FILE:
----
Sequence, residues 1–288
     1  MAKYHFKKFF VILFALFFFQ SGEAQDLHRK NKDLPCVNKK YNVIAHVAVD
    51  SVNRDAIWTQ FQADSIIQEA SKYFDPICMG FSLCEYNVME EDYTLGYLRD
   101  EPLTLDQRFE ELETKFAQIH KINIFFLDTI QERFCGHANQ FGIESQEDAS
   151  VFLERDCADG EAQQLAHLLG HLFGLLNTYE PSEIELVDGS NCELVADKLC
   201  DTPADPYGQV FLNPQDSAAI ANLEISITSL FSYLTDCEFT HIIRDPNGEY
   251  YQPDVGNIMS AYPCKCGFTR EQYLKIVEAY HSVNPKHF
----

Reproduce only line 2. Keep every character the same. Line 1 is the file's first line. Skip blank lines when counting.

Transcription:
     1  MAKYHFKKFF VILFALFFFQ SGEAQDLHRK NKDLPCVNKK YNVIAHVAVD